Current research includes:

Bounding strategies for global and robust dynamic optimisation

Dynamic optimisation problems encountered in various engineering and scientific fields frequently exhibit multiple suboptimal solutions. A prototypical example is in the fields of model identification, where failure to determine the best possible fit can lead to false conclusions regarding the validity of a candidate model. Other applications are in the field of robust and scenario-integration optimisation.

In this project, we are investigating deterministic global optimisation methods, such as spatial branch-and-bound, which have the appealing property that a global optimum can be located, at an arbitrary precision, in a finite number of iterations. Pivotal to the success of these procedures is the ability to compute tight estimators for the solutions of the underlying differential equations (ODEs).

Among the approaches currently available for parametric ODEs, the method of differential inequalities proceeds by constructing an auxiliary system of ODEs, the solutions of which provide the desired estimators, either as interval bounds or as convex/concave relaxations. We have developed an approach that combines differential inequalities with Taylor models, namely estimators which consist of a multivariate polynomial part and an interval remainder term.

The advantage of propagating Taylor model estimators, as opposed to interval bounds, is that the former enjoy a high-order of convergence, which makes their use particularly attractive in the context of global dynamic optimisation. An illustration of the resulting bounds for Taylor models of various orders is shown in the figure opposite for the case study of a Lotka-Volterra (predator-prey) system.

Another class of approaches builds upon interval methods for ODEs to determine a rigorous enclosure of the ODE solution set. Traditional interval methods discretize the integration domain into a finite number of steps, and each step proceeds in two phases.

In the first phase, an a priori enclosure of the solutions over the current integration step is computed; in the second phase, a tightened enclosure at the end of the current step is then computed, with special care taken to mitigate the wrapping effect.

An extension of this approach was proposed recently, whereby Taylor models are used instead of simple natural interval extensions in order to reduce the dependency problem. In this project, we went one step further and computed convex/concave relaxations based on a new type of Taylor models, called McCormick-Taylor models.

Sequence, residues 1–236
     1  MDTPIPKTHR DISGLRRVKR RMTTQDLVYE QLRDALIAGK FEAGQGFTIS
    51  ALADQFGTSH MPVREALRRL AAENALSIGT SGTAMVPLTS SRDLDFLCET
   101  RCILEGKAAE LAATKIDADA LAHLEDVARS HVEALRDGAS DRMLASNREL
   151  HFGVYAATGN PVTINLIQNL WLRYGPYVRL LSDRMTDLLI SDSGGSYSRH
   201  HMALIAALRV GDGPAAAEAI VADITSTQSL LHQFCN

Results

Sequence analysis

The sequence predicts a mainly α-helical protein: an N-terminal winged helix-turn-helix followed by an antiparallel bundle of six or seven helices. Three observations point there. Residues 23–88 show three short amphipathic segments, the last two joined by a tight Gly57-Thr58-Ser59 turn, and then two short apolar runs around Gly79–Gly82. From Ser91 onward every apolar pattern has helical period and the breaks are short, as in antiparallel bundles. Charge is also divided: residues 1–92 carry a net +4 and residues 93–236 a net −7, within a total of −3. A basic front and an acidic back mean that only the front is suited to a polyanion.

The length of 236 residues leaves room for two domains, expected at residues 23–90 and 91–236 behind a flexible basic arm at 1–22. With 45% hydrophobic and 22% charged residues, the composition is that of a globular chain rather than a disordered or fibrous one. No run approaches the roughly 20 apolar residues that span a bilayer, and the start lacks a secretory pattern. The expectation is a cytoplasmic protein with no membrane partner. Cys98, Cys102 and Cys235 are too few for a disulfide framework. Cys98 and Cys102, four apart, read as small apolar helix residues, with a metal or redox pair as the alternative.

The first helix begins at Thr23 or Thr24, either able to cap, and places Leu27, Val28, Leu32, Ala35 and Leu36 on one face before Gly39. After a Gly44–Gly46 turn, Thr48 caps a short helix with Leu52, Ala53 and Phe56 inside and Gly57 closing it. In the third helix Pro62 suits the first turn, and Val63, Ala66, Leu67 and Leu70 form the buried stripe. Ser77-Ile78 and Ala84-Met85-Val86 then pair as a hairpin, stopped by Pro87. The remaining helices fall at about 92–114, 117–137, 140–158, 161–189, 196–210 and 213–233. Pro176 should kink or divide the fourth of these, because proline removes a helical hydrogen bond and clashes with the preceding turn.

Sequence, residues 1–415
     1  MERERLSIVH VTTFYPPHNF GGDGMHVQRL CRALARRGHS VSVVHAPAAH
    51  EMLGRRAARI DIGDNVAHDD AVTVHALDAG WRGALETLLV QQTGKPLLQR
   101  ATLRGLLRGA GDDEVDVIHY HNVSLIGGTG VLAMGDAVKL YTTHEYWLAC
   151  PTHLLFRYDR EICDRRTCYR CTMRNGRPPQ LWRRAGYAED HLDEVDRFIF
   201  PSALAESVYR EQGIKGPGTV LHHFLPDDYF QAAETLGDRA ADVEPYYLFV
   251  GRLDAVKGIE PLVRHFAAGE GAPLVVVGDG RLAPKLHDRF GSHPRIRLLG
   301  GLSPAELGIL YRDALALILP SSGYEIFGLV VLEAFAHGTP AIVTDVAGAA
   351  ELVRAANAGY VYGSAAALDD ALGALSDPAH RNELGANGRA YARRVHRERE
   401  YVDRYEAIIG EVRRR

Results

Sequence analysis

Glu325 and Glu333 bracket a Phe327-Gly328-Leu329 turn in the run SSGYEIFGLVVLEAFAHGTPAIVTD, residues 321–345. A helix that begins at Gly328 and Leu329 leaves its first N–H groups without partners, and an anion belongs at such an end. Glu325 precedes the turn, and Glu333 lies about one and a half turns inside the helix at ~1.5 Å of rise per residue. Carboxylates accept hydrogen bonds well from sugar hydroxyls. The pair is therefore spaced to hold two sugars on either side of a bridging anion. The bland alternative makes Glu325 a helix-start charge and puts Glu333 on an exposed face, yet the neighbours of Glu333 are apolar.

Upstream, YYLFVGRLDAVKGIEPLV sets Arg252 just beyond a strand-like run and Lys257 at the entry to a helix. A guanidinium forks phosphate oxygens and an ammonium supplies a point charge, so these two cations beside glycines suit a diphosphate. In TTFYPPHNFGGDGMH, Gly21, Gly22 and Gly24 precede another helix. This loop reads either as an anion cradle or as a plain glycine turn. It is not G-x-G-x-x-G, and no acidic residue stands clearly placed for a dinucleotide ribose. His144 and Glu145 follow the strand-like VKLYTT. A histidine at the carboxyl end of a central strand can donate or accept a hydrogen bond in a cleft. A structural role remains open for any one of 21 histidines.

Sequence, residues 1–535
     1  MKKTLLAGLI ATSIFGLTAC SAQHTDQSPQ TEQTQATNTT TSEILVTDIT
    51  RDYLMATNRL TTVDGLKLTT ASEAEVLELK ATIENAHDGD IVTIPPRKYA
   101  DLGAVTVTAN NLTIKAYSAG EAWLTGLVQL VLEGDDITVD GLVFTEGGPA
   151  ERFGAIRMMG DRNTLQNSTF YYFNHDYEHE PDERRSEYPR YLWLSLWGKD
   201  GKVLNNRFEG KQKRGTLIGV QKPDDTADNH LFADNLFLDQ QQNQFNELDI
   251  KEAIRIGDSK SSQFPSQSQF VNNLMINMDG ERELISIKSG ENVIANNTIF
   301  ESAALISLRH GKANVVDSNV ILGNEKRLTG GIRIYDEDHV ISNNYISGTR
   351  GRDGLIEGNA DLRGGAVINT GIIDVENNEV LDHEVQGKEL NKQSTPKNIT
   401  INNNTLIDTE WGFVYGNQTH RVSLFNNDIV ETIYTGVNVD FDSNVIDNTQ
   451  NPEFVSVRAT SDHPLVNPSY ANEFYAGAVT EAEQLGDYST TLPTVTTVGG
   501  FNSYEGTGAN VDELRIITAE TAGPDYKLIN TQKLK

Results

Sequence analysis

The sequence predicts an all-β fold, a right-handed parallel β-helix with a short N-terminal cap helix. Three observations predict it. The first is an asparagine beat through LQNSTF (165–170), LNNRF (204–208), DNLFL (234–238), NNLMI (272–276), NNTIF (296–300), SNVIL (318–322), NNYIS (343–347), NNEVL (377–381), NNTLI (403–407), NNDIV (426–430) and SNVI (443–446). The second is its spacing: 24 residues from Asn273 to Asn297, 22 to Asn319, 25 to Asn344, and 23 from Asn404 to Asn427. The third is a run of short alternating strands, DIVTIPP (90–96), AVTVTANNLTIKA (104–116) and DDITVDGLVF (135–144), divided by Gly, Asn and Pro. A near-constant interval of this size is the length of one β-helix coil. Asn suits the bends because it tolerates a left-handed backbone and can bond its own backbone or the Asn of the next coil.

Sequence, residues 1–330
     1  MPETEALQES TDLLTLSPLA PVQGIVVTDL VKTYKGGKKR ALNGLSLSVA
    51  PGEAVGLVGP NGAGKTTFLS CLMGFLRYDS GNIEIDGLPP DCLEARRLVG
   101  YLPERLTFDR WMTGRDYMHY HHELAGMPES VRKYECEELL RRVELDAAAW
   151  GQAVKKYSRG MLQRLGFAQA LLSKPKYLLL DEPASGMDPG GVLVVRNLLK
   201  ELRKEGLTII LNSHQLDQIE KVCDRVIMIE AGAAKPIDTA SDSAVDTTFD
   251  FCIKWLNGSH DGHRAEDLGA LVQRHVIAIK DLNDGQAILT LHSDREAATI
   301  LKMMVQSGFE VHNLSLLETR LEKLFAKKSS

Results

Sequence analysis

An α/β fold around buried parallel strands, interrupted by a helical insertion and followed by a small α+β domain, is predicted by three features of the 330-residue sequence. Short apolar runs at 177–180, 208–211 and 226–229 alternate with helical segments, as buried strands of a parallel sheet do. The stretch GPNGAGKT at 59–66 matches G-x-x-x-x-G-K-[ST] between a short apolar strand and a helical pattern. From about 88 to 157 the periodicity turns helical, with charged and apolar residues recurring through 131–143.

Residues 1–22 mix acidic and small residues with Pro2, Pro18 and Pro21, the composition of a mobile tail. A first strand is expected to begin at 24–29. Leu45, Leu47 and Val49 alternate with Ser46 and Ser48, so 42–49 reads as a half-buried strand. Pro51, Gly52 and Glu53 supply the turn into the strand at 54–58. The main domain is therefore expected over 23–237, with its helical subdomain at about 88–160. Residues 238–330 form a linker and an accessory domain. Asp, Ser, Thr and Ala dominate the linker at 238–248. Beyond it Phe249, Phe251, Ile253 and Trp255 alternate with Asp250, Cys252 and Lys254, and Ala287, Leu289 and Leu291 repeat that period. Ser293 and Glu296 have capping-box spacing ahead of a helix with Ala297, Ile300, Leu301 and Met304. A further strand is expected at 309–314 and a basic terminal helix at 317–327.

For a majority of problems, the methods based on Taylor models and McCormick-Taylor models have proved to be more efficient for global dynamic optimisation than the ones based on interval analysis and McCormick relaxations, as a result of their higher order of convergence.

Dynamic optimisation problems with up to 10-12 decision variables could be solved to global optimality with such bounding techniques. All these methods are automated in the software library MC++ that is currently developed in the group of Dr. Chachuat.

Global optimisation of transient processes

Dynamic optimisation problems encountered in various engineering and scientific fields frequently exhibit multiple suboptimal solutions. A prototypical example is in the fields of model identification, where failure to determine the best possible fit can lead to false conclusions regarding the validity of a candidate model.

Other applications are in the field of robust and scenario-integration optimisation. Here, we are investigating deterministic global optimisation methods, such as spatial branch-and-bound, which have the appealing property that a global optimum can be located, at an arbitrary precision, in a finite number of iterations.

Pivotal to the success of these procedures is the ability to compute tight bounds or, better, convex/concave relaxations for the solutions of the underlying differential equations. Our current focus is on discretize-then-relax approaches that build upon verified ODE methods to compute the bounds, and their extension to handle more general DAE systems.